Hampstead’s first-ever Labour MP Ben Whitaker dies aged 79
12:04 11 June 2014
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Hampstead’s first Labour MP, Ben Whitaker – a renowned international anti-poverty campaigner – has died at the age of 79.
"I can’t think of any other profile that would have fitted Hampstead at the time and won it for Labour. It needed a special type of person and he was it"
Mr Whitaker was elected in the 1966 general election, bringing 81 years of Conservative rule to an end in the now defunct constituency.
The father-of-three, who lived in Adamson Road, Swiss Cottage, died on Sunday.
Gerald Isaaman, who began work at the Ham&High in 1955 and was editor from 1969 to 1994, said: “Ben Whitaker was a man of outstanding talents who served Hampstead well as its first Labour MP.
“Ben was essentially an ideas man, forever seeking new ways in which to help the poor and the oppressed and support social welfare and the arts.
“And he did that with great success in his later career as a progressive reformer on an international scale.”
Born on September 15, 1934, Benjamin Charles George Whitaker was educated at Eton College before gaining a modern history degree from Oxford University’s New College.
He became a barrister before contesting the 1966 general election, at which he defeated former Tory home secretary Henry Brooke.
Mr Isaaman added: “He owed that success partly to the late Jack Cooper, a Times journalist, local Labour councillor and subsequently the Ham&High’s wine correspondent, who had dramatically reduced Brooke’s solid majority at the 1964 election.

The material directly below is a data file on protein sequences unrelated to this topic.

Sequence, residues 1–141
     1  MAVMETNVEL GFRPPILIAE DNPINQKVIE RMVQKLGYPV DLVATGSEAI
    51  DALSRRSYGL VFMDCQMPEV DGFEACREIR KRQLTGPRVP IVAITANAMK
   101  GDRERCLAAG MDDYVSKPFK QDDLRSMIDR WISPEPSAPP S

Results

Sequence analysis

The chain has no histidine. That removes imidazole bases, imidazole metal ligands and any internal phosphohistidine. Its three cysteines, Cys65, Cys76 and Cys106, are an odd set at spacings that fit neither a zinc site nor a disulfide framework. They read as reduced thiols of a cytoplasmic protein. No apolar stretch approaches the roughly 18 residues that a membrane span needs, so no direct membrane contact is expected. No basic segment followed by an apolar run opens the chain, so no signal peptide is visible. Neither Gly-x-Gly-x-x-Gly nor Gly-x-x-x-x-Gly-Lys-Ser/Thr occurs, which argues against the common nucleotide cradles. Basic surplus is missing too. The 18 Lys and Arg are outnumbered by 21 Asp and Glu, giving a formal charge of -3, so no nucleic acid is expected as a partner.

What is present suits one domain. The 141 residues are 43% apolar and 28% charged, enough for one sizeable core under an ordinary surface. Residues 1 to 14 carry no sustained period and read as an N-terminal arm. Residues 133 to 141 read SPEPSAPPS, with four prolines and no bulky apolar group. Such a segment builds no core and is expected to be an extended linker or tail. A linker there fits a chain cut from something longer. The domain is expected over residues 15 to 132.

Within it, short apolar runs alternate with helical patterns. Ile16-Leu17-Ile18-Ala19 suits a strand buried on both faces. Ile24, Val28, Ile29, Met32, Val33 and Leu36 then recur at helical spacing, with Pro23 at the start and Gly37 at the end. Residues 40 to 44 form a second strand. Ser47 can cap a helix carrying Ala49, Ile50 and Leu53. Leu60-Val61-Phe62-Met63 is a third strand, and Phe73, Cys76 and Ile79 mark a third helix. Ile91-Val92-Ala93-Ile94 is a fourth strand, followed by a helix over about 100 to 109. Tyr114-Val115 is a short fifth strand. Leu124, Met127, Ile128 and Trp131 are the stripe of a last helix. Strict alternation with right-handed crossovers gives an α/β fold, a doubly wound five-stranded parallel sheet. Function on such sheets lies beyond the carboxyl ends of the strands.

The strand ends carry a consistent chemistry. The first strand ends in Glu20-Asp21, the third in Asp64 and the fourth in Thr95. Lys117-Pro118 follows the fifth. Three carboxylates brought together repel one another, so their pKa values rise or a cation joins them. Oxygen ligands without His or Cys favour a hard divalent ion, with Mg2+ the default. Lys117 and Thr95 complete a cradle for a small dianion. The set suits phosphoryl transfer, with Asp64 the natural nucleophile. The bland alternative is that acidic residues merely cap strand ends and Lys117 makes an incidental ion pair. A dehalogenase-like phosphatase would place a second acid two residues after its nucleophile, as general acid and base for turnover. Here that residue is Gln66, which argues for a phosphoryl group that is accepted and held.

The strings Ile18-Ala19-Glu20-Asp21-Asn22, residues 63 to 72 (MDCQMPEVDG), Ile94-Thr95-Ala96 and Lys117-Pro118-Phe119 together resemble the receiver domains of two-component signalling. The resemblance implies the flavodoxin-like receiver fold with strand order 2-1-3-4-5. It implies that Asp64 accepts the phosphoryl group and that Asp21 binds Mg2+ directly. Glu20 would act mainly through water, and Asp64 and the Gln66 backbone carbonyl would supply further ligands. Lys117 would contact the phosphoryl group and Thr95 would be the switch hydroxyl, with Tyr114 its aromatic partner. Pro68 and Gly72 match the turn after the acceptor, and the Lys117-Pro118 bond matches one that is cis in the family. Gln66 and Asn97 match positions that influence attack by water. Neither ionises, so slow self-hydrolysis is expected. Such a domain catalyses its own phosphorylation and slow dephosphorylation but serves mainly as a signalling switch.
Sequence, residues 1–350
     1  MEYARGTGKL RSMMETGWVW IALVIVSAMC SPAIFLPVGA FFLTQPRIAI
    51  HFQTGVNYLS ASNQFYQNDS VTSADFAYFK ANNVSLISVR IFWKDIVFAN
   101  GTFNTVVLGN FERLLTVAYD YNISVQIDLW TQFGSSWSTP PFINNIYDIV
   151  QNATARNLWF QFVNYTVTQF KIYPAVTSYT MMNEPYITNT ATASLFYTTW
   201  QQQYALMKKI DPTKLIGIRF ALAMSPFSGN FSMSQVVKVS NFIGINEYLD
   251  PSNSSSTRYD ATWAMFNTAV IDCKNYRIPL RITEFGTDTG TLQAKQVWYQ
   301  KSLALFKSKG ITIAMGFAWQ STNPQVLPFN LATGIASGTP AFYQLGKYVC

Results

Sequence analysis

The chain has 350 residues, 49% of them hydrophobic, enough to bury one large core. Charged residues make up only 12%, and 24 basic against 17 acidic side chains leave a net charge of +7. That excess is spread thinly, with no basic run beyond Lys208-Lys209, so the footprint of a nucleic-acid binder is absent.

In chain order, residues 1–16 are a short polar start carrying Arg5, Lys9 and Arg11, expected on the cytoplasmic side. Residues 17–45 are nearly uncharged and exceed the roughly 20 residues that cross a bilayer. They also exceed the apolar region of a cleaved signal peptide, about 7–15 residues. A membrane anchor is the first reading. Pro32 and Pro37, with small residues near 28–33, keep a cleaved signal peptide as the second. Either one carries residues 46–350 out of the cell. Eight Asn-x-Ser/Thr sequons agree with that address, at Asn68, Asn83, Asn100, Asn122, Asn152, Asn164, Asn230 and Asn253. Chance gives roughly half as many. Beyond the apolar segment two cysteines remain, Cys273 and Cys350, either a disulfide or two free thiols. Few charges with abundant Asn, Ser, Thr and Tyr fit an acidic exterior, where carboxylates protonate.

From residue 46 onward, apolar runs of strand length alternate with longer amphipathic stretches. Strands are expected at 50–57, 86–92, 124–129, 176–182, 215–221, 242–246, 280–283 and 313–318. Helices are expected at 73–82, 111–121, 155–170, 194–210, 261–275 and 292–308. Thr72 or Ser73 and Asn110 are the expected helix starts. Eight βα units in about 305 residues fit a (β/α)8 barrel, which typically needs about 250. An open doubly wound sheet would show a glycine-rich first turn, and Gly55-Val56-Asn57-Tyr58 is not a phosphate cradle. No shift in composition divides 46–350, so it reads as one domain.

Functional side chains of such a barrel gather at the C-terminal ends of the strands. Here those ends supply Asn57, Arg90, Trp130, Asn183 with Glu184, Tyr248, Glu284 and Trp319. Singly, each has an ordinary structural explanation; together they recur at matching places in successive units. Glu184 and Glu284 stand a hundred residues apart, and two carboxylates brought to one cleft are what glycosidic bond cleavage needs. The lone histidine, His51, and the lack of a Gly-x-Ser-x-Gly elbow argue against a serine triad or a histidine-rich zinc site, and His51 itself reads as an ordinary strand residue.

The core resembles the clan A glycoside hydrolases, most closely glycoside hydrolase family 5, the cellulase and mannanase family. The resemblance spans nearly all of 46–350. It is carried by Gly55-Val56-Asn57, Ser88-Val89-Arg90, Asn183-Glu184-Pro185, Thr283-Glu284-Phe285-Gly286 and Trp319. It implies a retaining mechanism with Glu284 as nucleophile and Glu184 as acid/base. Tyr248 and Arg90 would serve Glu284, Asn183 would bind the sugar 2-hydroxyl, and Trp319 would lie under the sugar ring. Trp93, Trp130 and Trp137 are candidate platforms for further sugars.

“That was when Harold Wilson ended up with a majority of just four.”
Former Hampstead Labour Party chairman Barry Peskin was a member of Mr Whitaker’s election campaign team in 1966.
He said: “He was a lovely man. He was a shy man but one of great integrity and he was perfect for Hampstead at that time.
“I can’t think of any other profile that would have fitted Hampstead at the time and won it for Labour. It needed a special type of person and he was it.”
Mr Whitaker served for a year as a junior minister in the overseas development department of Harold Wilson’s government before losing his seat in the 1970 general election to Tory Geoffrey Finsberg.
Outside of Parliament, Mr Whitaker became the director of a number of global poverty charities.
His wife Baroness Janet Whitaker was made a life peer in 1999 by Tony Blair’s government, in recognition of her work as a civil servant.
Retired businessman Ladislas Rice, of Redington Road, Hampstead, became a close friend of Mr Whitaker’s after he left parliament and was living in Elsworthy Road, Primrose Hill.
Mr Rice said: “He was a socialist, a man enormously dedicated to reducing poverty and suffering on an international scale.”
Baroness Frances D’Souza, Lord Speaker of the House of Lords, added: “The world is a poorer place without him.”
Mr Whitaker is survived by his widow, three children and grandchildren.